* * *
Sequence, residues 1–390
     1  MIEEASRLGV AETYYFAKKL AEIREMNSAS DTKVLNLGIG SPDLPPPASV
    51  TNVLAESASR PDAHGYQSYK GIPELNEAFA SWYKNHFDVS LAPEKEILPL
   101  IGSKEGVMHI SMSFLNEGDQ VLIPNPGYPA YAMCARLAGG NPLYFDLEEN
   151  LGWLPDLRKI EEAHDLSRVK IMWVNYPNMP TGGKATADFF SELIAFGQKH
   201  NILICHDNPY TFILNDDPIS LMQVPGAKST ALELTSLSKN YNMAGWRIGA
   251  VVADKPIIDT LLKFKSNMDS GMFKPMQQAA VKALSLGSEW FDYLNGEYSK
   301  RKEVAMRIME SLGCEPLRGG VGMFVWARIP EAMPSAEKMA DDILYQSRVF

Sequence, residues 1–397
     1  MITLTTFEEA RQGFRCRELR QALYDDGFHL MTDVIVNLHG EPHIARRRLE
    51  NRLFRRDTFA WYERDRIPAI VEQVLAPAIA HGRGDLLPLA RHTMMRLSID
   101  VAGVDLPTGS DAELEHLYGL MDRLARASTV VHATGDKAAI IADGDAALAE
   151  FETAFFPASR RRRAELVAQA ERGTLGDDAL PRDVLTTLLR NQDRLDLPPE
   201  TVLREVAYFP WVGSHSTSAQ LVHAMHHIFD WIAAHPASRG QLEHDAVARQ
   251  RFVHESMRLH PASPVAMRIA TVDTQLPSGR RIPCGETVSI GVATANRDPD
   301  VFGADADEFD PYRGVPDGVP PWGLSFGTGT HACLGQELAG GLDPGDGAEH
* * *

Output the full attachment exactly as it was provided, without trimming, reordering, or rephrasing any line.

Sequence, residues 1–390
     1  MIEEASRLGV AETYYFAKKL AEIREMNSAS DTKVLNLGIG SPDLPPPASV
    51  TNVLAESASR PDAHGYQSYK GIPELNEAFA SWYKNHFDVS LAPEKEILPL
   101  IGSKEGVMHI SMSFLNEGDQ VLIPNPGYPA YAMCARLAGG NPLYFDLEEN
   151  LGWLPDLRKI EEAHDLSRVK IMWVNYPNMP TGGKATADFF SELIAFGQKH
   201  NILICHDNPY TFILNDDPIS LMQVPGAKST ALELTSLSKN YNMAGWRIGA
   251  VVADKPIIDT LLKFKSNMDS GMFKPMQQAA VKALSLGSEW FDYLNGEYSK
   301  RKEVAMRIME SLGCEPLRGG VGMFVWARIP EAMPSAEKMA DDILYQSRVF

Sequence, residues 1–397
     1  MITLTTFEEA RQGFRCRELR QALYDDGFHL MTDVIVNLHG EPHIARRRLE
    51  NRLFRRDTFA WYERDRIPAI VEQVLAPAIA HGRGDLLPLA RHTMMRLSID
   101  VAGVDLPTGS DAELEHLYGL MDRLARASTV VHATGDKAAI IADGDAALAE
   151  FETAFFPASR RRRAELVAQA ERGTLGDDAL PRDVLTTLLR NQDRLDLPPE
   201  TVLREVAYFP WVGSHSTSAQ LVHAMHHIFD WIAAHPASRG QLEHDAVARQ
   251  RFVHESMRLH PASPVAMRIA TVDTQLPSGR RIPCGETVSI GVATANRDPD
   301  VFGADADEFD PYRGVPDGVP PWGLSFGTGT HACLGQELAG GLDPGDGAEH